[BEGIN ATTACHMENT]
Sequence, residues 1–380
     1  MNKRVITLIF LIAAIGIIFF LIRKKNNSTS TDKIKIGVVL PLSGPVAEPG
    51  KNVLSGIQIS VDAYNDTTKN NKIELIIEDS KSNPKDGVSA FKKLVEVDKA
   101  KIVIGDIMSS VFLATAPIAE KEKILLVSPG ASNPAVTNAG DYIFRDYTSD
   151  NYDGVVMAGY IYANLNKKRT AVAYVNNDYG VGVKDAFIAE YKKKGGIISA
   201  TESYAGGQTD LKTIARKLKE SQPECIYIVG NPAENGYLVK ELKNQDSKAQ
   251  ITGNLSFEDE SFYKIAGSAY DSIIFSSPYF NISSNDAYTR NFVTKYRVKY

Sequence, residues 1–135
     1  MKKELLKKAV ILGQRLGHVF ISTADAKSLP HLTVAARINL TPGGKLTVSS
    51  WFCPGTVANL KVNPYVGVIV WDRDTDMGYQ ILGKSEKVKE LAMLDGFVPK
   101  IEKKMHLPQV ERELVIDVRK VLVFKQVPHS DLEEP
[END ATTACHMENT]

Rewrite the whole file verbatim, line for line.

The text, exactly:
Sequence, residues 1–380
     1  MNKRVITLIF LIAAIGIIFF LIRKKNNSTS TDKIKIGVVL PLSGPVAEPG
    51  KNVLSGIQIS VDAYNDTTKN NKIELIIEDS KSNPKDGVSA FKKLVEVDKA
   101  KIVIGDIMSS VFLATAPIAE KEKILLVSPG ASNPAVTNAG DYIFRDYTSD
   151  NYDGVVMAGY IYANLNKKRT AVAYVNNDYG VGVKDAFIAE YKKKGGIISA
   201  TESYAGGQTD LKTIARKLKE SQPECIYIVG NPAENGYLVK ELKNQDSKAQ
   251  ITGNLSFEDE SFYKIAGSAY DSIIFSSPYF NISSNDAYTR NFVTKYRVKY

Sequence, residues 1–135
     1  MKKELLKKAV ILGQRLGHVF ISTADAKSLP HLTVAARINL TPGGKLTVSS
    51  WFCPGTVANL KVNPYVGVIV WDRDTDMGYQ ILGKSEKVKE LAMLDGFVPK
   101  IEKKMHLPQV ERELVIDVRK VLVFKQVPHS DLEEP